Meet Dr. William Megill
Research Director of Coastal Ecosystems Research Foundation (CERF), British Columbia
Megill is a post-doctoral fellow at the University of Wollongong,
Australia, completing his PhD in Biomechanics at the University of
While he was working hard in Australia, we were grateful that he found time to
a terrific lesson in one of
his specialties — identifying gray whales through photo matching — for
Dr. William Megill of CERF
Wondering About Whales
Together with colleagues, Dr. Megill has studied the range and movements of seasonal
resident gray whales from California to southeast Alaska. He wondered: Did they migrate
to Mexico with the other whales each winter?
The researchers took hundreds of photos
of gray whales that hang out each summer along the southern Central
Coast of British Columbia and Washington State. Then they took hundreds
of photos of whales in the
lagoons of Baja Mexico. By working to match photos of whales in
BC with whales that migrated to the lagoons in Baja, they discovered many
of the same whales in both
places. This was a breakthrough because it was the first photographic
proof that the summertime resident whales from British Columbia migrated
south with gray whales
coming from the Arctic. As you might guess, their catalog of photos
and matches is an ever-growing project.
Many Photos Needed
Dr. Megill explains why so many whale photos
are necessary. "Like people,
marine mammals have individual differences, so the animal you
see might not always look like the drawing or photograph in your
field guide. In the Photo ID lesson
he created especially for Journey North, Dr. Megill shows us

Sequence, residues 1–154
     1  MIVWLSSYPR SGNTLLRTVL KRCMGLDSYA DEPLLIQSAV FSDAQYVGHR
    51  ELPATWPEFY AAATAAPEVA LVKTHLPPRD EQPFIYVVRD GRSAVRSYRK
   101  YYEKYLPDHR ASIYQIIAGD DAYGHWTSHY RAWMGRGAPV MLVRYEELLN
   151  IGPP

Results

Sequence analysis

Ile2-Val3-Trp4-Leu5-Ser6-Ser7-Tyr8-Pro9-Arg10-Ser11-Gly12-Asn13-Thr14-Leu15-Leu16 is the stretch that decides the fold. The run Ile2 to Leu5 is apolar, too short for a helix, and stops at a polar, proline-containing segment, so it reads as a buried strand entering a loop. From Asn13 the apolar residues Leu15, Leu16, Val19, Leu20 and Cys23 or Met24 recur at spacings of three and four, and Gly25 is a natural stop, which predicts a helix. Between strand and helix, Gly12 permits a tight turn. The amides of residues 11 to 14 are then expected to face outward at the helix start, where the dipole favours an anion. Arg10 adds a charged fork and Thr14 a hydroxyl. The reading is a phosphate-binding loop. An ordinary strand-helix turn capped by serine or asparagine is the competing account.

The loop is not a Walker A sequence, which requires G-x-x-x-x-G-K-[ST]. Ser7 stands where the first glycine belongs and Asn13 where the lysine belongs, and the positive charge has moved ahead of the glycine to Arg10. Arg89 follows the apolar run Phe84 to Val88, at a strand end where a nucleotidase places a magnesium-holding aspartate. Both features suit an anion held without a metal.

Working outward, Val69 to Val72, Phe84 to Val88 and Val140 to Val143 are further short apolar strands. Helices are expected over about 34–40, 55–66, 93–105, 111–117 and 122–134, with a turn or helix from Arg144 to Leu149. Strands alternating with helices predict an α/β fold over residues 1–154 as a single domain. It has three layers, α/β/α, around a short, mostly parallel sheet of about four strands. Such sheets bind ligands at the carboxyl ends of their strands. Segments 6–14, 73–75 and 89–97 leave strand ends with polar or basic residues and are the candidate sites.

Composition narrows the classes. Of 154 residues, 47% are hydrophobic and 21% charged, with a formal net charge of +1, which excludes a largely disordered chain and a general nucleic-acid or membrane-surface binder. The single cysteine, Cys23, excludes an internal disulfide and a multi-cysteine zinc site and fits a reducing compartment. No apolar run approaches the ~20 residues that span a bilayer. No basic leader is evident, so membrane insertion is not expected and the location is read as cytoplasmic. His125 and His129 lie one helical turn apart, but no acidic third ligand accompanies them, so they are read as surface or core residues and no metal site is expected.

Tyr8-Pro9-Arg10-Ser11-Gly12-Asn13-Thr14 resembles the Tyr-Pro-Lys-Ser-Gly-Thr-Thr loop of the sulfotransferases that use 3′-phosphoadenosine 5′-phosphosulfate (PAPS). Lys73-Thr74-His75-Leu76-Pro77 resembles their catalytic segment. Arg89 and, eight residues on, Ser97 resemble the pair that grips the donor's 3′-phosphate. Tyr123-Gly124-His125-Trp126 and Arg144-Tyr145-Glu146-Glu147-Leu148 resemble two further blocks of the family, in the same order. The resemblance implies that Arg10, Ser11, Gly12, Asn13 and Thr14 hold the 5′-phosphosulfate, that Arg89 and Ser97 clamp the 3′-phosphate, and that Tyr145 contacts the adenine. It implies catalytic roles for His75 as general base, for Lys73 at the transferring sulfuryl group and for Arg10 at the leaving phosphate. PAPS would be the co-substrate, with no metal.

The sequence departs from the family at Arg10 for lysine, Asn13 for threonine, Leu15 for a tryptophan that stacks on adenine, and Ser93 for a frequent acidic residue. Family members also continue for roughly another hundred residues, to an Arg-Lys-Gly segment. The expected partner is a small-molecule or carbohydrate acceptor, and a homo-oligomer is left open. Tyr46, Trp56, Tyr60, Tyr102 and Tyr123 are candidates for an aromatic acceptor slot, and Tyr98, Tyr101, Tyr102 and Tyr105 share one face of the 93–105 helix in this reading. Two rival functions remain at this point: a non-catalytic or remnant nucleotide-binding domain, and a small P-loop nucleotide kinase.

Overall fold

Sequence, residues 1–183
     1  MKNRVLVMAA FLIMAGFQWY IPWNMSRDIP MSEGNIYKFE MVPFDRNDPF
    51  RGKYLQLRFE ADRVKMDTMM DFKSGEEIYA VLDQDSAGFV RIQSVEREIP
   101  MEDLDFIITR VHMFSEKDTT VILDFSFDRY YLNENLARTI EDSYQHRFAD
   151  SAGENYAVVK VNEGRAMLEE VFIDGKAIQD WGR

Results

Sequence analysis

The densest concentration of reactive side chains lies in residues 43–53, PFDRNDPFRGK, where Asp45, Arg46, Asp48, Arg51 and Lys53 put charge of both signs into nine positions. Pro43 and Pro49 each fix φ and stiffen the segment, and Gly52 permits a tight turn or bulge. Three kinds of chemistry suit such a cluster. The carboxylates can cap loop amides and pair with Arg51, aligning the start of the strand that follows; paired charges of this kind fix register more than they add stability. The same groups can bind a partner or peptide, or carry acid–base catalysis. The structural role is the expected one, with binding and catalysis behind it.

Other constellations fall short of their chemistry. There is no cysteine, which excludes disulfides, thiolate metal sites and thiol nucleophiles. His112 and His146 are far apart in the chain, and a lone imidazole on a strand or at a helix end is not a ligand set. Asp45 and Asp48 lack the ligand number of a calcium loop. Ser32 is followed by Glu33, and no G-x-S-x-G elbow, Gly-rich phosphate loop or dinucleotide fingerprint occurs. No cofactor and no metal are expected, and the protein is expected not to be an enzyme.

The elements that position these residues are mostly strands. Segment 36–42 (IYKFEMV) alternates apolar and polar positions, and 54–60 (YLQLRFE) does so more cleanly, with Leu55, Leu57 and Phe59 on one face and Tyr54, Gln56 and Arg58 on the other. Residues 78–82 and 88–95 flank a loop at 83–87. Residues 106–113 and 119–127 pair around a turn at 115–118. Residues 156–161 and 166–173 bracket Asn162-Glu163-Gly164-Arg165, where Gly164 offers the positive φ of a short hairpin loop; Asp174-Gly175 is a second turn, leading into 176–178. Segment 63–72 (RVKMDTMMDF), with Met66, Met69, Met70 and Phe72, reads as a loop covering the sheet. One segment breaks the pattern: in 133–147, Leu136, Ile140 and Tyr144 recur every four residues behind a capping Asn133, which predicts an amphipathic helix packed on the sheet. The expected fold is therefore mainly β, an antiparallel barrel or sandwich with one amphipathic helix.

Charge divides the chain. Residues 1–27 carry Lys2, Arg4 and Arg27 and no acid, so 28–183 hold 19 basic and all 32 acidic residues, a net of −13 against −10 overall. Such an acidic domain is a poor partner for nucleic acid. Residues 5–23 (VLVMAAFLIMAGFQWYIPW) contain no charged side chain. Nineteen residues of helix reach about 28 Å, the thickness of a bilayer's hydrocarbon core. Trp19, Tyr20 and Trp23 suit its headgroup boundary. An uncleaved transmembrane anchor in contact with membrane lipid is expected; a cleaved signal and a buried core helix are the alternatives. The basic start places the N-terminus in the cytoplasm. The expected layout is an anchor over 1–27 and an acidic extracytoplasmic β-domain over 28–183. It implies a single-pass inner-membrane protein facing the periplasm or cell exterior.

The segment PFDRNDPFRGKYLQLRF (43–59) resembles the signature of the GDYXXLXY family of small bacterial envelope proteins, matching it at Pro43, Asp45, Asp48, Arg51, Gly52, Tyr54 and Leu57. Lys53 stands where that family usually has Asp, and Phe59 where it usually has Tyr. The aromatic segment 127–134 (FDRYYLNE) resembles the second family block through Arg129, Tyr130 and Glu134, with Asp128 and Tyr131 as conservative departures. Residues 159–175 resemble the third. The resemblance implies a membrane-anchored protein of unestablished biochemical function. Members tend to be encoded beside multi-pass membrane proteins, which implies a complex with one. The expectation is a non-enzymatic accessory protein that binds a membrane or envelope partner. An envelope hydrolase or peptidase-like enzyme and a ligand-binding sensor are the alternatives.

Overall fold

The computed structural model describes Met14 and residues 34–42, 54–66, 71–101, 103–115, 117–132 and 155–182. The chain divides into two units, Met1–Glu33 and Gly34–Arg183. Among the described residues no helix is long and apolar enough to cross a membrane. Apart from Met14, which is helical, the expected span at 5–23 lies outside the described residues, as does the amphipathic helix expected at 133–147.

what scientists look for in matching whale photos until they're
sure of having a positive identification.
How Do Scientists Use the Information?
Once the animals have been identified, researchers
can use certain models to estimate the population size over the years. They have
also been able to measure the average home-range size, as well as describe individual
animals' movements between kelp bed feeding grounds. This, combined with CERF's study
of the distribution and abundance of the gray whales' food supply, gives a better
picture of how the whales are using the food resources available to them.
What's Next in His Whale Studies?
1993, Dr. Megill co-founded Coastal Ecosystems Research Foundation (CERF),
a Canadian non-profit organization that funds research on whales, dolphins, and
their environment through an eco-tourism program. He has served as Research Director
of CERF ever since. Dr. Megill's research is a combination of ecology and biomechanics.
Next, he will be studying the whales' fine-scale use of habitat, looking at their
swimming behavior in relation to the distribution and abundance of their prey. Check
out the CERF website to keep up with Dr. Megill's work and the tours offered by CERF!